I had to take an ill-formed product where over a million dollars had been spent just developing a coffee concept and branding that had potential but that was also not working, was losing money on a per product basis and had zero market penetration. A big challenge was that Coexist had spent hundreds of thousands of dollars developing a new “dove logo” and moving away from the old logo that most people are familiar with (the religious symbols). I was in a position where I had to use the new logos and materials, balancing the organization’s desire to use the new mark while trying to create awareness and connection with the old mark.

I developed a crop-to-cup solution, spending months testing the product in customer interactions and trying to replace the spend-at-all-costs mentality with a lean-startup mentality. We developed new product lines, changed the branding and developed a strategy to transition to the new branding. An entire back and front-end system was put in place, buying direct from farmers in Uganda, out-sourcing storage, roasting, packing and fulfillment and using testing new branding that won us a national broker, multiple high-end local clients and place in KeHe as a Host Product.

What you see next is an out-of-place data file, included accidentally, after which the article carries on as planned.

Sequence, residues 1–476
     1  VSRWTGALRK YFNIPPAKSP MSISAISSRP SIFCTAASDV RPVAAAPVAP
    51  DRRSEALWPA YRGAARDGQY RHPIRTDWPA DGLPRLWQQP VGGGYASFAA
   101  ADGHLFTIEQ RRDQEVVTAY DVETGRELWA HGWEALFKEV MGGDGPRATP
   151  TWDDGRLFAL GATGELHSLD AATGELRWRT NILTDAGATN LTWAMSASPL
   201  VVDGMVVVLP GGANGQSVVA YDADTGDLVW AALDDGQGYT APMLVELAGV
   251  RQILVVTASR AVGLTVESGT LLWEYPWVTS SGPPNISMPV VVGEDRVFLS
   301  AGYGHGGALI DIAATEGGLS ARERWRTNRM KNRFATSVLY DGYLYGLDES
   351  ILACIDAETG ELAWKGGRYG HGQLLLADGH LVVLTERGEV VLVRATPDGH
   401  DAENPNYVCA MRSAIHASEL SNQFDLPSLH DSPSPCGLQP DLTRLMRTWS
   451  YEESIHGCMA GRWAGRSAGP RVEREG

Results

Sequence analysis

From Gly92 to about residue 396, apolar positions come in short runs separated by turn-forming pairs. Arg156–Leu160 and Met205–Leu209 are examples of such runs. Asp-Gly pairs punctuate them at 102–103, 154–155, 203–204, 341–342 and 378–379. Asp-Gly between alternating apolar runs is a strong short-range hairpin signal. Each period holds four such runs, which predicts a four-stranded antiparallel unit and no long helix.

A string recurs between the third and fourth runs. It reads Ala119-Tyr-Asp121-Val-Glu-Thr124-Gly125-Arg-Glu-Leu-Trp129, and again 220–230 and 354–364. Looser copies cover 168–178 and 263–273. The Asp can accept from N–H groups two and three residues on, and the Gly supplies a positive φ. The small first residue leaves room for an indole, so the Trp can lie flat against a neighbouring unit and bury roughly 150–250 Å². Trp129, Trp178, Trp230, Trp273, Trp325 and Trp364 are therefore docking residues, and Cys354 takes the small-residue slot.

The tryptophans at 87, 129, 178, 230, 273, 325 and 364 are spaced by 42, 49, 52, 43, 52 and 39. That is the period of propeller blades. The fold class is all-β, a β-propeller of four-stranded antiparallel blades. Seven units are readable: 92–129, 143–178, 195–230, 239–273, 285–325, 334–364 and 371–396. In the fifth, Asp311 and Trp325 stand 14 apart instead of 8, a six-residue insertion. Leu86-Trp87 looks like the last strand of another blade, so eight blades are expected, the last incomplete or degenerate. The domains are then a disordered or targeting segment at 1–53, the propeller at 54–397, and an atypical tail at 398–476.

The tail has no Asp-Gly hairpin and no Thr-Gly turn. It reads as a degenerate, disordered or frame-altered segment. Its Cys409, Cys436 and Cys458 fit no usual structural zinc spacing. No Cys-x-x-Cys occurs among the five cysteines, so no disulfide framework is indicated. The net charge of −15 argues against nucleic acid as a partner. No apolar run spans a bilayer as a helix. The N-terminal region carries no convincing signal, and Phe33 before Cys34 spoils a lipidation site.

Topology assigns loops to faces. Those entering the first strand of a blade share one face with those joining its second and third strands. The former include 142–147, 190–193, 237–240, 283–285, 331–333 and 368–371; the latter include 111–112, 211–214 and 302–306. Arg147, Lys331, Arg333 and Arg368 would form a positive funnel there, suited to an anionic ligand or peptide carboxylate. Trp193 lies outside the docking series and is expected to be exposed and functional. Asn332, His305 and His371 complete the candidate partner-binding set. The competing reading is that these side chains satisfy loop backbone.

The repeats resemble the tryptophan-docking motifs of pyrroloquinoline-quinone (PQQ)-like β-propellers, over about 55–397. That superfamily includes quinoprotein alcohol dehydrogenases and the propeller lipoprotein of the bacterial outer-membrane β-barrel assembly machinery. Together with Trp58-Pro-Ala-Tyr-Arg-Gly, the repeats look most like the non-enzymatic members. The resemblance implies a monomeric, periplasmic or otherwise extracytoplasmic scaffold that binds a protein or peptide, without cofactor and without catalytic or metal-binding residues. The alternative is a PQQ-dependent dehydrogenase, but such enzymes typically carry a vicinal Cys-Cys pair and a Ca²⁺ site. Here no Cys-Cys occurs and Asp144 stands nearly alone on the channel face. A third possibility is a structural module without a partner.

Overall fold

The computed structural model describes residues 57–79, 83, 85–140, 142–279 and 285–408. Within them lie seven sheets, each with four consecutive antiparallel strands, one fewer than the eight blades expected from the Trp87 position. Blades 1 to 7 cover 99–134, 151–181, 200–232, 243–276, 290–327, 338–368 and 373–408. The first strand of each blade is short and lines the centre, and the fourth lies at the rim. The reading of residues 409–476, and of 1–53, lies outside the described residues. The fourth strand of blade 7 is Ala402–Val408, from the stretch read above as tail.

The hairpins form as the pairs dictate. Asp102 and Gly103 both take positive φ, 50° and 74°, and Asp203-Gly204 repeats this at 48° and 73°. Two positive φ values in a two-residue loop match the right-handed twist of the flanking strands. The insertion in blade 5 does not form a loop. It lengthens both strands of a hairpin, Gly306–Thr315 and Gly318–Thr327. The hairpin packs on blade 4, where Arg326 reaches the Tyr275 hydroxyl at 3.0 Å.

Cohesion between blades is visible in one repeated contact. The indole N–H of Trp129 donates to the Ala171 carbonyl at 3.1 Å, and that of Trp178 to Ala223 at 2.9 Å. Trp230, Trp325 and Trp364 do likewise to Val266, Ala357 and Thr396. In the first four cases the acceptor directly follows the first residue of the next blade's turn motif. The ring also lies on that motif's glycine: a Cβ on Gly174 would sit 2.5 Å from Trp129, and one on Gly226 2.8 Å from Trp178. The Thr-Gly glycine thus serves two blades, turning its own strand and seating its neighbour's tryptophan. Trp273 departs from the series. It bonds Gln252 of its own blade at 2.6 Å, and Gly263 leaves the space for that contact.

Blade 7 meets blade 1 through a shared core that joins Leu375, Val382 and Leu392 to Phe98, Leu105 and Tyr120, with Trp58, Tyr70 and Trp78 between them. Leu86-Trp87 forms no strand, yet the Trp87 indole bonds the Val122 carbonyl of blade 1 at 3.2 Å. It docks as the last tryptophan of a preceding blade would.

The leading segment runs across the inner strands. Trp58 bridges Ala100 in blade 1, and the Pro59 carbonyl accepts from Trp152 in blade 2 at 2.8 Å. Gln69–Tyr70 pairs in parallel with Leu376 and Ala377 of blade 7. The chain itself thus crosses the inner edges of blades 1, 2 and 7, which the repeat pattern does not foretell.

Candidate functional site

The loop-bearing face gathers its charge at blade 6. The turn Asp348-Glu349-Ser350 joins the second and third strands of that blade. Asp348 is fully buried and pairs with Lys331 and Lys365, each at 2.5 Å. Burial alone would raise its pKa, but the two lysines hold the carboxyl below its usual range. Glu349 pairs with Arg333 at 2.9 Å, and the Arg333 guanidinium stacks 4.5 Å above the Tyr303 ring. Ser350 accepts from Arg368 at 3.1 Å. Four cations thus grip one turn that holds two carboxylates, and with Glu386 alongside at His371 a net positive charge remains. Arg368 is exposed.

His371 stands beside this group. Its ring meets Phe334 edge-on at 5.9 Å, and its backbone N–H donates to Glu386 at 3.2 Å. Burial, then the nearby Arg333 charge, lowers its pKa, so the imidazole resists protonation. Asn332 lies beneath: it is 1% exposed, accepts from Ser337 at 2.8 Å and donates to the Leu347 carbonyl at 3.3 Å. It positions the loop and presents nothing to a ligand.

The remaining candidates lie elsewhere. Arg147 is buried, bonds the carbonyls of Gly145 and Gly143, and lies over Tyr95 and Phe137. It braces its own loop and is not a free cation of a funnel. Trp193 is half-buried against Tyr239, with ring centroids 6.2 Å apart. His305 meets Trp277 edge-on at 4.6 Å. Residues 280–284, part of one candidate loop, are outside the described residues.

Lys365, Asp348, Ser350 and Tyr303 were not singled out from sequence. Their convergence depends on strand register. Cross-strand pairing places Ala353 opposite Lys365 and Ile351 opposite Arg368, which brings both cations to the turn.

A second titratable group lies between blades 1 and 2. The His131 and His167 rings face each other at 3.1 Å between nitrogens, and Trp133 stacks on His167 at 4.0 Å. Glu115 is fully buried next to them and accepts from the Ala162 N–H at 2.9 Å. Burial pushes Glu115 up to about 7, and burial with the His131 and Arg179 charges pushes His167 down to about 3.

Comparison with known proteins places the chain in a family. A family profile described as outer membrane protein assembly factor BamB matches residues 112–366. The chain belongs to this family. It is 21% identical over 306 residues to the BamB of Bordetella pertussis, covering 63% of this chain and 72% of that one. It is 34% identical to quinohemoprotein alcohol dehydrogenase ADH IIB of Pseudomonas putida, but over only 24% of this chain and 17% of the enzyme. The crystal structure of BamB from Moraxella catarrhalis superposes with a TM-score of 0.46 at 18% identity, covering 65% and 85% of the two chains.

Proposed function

Coffee in America

Coffee is a difficult market to crack. It’s attractive because of the rapid growth especially among millennials – in 2012, 40% of 18-24 year olds (up from 31% in 2010) and 54% of 25-39 year olds (up from 44% in 2010) said they drank coffee daily. Specialty coffee makes up 37% of the $30 billion dollar coffee industry in the US by volume, but 50% by value. It is both the fastest growing industry and the most recession proof, since it is often seen as an affordable luxury.   But there are very low barriers to entry, so coffee and especially specialty coffee is a highly, highly competitive market. There are two trends in the coffee market:

Fairtrade, Organic (FTO) Coffee

These coffee companies try to differentiate based on real or perceived social impact. This trend may be reversing. Just as Fairtrade is gaining popular acceptance, there is also a growing backlash as it tends to attract poor quality coffees and it hasn’t stopped middle men from taking advantage of farmers (I saw this first hand in Uganda). A recent report in the Economist suggests that buying fairtrade coffee is not really helping poor farmers. Also, as competitive differentiation these labels are quickly becoming standard. Certifications are easy to get.